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How to help make college a reality for your grandchildren

By Suzie Sawyer //

According to the College Board, the average cost of tuition and fees for the 2014-2015 school year was $31,231 at private colleges, $9,139 for state residents at public colleges, and $22,958 for out-of-state residents attending public universities. With college tuition continually on the rise, many parents are finding it difficult to cover the costs, leaving their children saddled with student loan debt upon graduation.

As a result, a growing number of grandparents are helping their grandchildren pay for their education. If you’ve adequately saved for retirement and other financial goals, you may find assisting your grandchildren with their college savings to be a satisfying way to pass along your wealth. But there are many things for you to consider first.

One way you can help is by gifting cash or securities to your grandchild.  If the amount of your individual gift is less than $14,000 (or $28,000 for a gift made by a married couple), your gift will be exempt from federal gift tax. Your cash gift would, however, be counted as income for your grandchild, and could affect his or her financial aid eligibility.

Another option is to write a check directly to your grandchild’s college to pay for tuition. Under federal law, this is not considered a taxable gift and is therefore not subject to the annual federal gift tax exclusion, but it could affect your grandchild’s eligibility for financial aid.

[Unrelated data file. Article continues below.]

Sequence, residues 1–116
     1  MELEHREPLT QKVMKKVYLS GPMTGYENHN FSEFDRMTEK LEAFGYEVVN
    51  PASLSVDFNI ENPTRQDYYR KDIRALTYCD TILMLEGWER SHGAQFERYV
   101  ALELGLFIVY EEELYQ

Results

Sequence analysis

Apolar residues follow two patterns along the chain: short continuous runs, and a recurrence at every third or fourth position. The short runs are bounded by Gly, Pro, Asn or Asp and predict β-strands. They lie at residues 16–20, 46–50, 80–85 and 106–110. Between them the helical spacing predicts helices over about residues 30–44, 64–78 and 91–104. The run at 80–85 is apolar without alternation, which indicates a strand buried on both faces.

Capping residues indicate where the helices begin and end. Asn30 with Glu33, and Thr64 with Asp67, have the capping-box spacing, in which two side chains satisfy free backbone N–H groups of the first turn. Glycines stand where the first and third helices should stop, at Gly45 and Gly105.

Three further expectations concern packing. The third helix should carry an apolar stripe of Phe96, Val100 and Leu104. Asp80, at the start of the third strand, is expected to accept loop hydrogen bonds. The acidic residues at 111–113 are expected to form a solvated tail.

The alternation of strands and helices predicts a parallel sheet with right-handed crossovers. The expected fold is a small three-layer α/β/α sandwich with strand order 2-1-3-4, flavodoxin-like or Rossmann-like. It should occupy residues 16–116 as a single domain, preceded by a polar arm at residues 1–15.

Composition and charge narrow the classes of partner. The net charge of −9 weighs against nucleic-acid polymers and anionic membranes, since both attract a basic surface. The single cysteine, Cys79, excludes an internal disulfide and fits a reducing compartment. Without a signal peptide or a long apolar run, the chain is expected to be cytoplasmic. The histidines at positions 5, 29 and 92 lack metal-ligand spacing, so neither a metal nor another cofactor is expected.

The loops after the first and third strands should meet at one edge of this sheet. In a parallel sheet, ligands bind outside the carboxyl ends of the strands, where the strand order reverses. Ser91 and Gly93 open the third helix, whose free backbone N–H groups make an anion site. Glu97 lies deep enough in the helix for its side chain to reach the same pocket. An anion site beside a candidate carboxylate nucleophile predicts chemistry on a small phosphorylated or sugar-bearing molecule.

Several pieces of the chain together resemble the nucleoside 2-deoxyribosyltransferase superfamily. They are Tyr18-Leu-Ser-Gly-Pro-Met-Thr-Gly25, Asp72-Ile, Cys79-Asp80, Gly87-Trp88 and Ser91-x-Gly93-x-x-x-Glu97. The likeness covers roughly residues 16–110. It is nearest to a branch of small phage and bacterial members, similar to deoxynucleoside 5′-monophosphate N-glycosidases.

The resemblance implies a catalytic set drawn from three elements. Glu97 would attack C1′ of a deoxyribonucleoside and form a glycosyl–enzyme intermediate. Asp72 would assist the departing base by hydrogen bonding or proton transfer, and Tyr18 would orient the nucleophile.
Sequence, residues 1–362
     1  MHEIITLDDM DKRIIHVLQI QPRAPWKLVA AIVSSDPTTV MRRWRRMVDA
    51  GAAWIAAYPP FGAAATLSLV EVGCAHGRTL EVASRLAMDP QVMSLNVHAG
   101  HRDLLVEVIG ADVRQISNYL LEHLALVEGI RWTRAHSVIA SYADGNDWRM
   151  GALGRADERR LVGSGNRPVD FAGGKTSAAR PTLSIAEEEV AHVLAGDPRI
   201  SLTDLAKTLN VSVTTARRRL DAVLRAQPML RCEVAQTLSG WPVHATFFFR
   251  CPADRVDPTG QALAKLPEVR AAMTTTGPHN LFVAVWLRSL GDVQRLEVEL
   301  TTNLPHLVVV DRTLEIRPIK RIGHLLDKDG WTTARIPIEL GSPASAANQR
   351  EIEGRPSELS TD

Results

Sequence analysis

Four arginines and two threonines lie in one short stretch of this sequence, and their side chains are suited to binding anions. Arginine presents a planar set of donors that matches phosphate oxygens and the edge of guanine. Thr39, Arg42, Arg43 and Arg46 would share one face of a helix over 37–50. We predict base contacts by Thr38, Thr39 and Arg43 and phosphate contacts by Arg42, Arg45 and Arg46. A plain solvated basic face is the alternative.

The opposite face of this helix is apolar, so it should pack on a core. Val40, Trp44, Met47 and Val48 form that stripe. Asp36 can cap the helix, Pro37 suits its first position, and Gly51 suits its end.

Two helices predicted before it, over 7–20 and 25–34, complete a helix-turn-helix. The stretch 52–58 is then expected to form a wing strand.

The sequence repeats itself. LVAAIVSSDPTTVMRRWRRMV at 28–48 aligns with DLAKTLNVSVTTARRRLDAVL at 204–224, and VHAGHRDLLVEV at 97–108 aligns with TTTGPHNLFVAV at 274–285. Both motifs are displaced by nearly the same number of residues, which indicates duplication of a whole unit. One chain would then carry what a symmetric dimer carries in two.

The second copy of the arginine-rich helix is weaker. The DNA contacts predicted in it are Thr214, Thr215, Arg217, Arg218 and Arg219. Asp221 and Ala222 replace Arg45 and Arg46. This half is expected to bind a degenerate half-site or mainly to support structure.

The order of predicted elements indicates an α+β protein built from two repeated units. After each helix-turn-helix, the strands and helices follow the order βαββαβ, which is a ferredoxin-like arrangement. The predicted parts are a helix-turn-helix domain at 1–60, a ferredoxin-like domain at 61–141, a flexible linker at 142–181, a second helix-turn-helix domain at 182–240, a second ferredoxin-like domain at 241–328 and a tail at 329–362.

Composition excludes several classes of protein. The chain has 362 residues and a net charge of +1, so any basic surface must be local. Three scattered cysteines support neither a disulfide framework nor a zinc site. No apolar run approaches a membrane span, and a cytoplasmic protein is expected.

If you have more time before your grandchild starts college, 529 College Savings Plans and Coverdell Education Savings Accounts are two popular savings options worth considering. Each has its own advantages and disadvantages, along with different income limits, age limits, contribution limits, tax treatments, investment options, and financial aid considerations. Your investment professional can help you determine if either option is best for you and your unique financial situation.

Investors should consider carefully the investment objectives, risks, and charges and expenses associated with a 529 College Savings Plan before investing or sending money. The official program offering statement, which includes information on municipal fund securities, is available from your financial advisor and should be read carefully before investing. The value of a 529 College Savings account may fluctuate, and there is no guarantee that any investment portfolio will achieve the stated goal. Your investment may be worth more or less than its original value.

Yet another option is a custodial account, such as a Uniform Gift to Minors Act (UGMA) or Uniform Transfer to Minors Act (UTMA) account.  Again, such custodial accounts have benefits and drawbacks that you’ll want to discuss with your investment professional.

Before making any sort of contribution toward your grandchild’s college education, you will want to meet with your investment professional and tax advisor, since he or she will have valuable insight to your personal financial situation and could possibly offer alternatives or suggestions as to how you can make the most of your contribution. Furthermore, your tax advisor may also help you understand how your assistance to your grandchild’s education will affect your tax situation and the amount of financial aid your grandchild will qualify for.

Article provided by Suzie P. Sawyer, Managing Director/Investment Advisor Representative of Trinity Investment Services, LLC, who can be reached at (228) 864-4460.  Securities offered through Century Securities Associates, Inc.  Member SIPC and FINRA. A subsidiary of Stifel Financial Corp.

Home Office: 501 North Broadway, St. Louis, Missouri 63102, (314) 342-4051.